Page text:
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Posted On April 03, 2015
Taxpayer should send finished return to IRS, even without payment

Taxpayer should send finished return to IRS, even without payment

There are always some of us in Nevada or elsewhere who finish their taxes and find that they don’t have enough money to pay the bill owed. It’s a good way to get a headache.  For the 2014 return, it’s even more of a concern because — for the first time — there will be penalties for not having health insurance. The IRS reportedly has a calculator app that will help a taxpayer to compute the amount due.

Owing the government money is not a honeymoon experience. However, the agency reportedly is willing to work with taxpayers who want to get their back payments paid. They may give the taxpayer a payment plan. According to some who’ve been through it, ignoring the agency is the worst thing to do.

Sometimes it helps to bring in a professional tax adviser and/or tax preparer. Someone with a little extra tax savvy may find deductions that were missed in prior returns and may even figure out how to get a taxpayer a refund. One of the realities of being uninformed taxpayers in this day and age is that we tend to miss many benefits that we could have obtained with a more thorough approach to our returns.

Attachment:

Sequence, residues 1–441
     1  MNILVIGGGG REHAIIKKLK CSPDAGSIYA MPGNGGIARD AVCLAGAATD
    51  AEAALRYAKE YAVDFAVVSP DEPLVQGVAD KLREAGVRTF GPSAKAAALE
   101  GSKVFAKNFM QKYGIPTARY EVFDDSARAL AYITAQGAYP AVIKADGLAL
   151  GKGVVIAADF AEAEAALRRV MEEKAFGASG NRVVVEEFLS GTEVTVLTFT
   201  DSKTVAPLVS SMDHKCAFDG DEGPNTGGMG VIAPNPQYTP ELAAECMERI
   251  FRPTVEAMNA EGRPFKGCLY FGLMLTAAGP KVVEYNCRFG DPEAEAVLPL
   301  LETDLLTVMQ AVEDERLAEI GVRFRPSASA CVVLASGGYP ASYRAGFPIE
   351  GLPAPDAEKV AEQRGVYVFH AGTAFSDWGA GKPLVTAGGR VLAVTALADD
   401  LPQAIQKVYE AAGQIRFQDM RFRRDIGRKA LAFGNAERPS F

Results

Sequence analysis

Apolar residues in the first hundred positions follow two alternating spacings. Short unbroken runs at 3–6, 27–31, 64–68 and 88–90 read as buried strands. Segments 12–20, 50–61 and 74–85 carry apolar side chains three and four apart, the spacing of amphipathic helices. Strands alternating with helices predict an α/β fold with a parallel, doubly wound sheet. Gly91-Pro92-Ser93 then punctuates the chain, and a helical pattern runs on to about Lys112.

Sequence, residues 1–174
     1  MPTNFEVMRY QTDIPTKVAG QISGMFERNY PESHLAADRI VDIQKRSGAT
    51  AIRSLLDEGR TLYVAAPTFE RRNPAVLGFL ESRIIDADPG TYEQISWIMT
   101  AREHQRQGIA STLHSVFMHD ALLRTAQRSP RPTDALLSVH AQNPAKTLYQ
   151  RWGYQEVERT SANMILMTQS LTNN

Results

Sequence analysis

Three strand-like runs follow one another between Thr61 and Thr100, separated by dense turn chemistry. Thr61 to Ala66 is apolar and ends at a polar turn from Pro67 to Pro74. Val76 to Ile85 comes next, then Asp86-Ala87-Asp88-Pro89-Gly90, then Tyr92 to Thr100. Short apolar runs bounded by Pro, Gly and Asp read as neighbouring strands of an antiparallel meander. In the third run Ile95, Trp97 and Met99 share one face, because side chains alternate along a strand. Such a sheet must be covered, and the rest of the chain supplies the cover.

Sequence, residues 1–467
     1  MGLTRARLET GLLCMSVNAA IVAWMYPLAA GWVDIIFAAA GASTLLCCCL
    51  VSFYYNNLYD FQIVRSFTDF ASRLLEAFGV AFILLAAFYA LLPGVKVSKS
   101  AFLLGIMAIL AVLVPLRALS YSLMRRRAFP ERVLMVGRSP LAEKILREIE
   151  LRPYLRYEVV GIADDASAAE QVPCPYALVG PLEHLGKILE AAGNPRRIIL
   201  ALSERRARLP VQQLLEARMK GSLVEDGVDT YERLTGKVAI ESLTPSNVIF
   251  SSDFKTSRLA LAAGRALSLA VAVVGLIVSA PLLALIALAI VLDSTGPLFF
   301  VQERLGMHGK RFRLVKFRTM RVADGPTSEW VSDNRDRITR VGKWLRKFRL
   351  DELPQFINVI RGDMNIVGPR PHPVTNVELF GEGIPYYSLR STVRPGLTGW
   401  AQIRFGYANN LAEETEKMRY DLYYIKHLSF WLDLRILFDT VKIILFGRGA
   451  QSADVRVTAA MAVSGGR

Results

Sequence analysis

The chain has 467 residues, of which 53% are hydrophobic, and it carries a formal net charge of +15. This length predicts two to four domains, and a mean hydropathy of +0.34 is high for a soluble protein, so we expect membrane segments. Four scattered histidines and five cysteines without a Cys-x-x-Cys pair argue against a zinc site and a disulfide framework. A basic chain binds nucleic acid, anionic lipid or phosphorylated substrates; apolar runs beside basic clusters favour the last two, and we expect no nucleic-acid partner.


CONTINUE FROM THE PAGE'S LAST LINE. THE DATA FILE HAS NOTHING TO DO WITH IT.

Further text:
If you are going to contact the IRS on your own, expect about a one-hour wait on the phone.  Also, taxpayers should always remember the cardinal rule: even if you don’t have the bottom line payment that is due, send the completed return in without the payment. Filing a return, with or without the funds, is an absolute requirement that will keep the taxpayer out of much hotter water.

In Nevada, a taxpayer needing assistance with respect to an IRS problem can choose from a variety of tax professionals and preparers. However, beware of the high-powered, fast-talking companies that advertise on cable all night long. One thing you can be sure of about those entities is that they’re going to cost a lot, and most of the time the results are mediocre at best.

Source: mainstreet.com, “Here’s What to Do If You Owe Money on Your Taxes and Can’t Pay“, Brian O’Connell, March 30, 2015